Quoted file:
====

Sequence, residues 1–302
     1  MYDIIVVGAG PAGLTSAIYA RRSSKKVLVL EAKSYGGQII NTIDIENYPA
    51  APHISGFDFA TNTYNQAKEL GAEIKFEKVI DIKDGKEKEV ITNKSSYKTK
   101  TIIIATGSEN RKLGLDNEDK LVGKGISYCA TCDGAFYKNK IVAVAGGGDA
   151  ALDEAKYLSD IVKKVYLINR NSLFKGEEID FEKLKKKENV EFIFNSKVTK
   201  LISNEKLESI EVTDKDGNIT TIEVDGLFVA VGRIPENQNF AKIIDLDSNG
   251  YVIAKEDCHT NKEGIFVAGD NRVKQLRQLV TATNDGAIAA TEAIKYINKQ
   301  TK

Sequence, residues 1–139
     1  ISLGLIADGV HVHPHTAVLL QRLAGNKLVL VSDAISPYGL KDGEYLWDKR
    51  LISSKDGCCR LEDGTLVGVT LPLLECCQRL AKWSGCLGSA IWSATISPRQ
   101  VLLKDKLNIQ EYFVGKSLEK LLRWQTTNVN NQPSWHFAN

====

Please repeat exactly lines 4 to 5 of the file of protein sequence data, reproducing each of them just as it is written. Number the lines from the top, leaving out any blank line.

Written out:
   101  TIIIATGSEN RKLGLDNEDK LVGKGISYCA TCDGAFYKNK IVAVAGGGDA
   151  ALDEAKYLSD IVKKVYLINR NSLFKGEEID FEKLKKKENV EFIFNSKVTK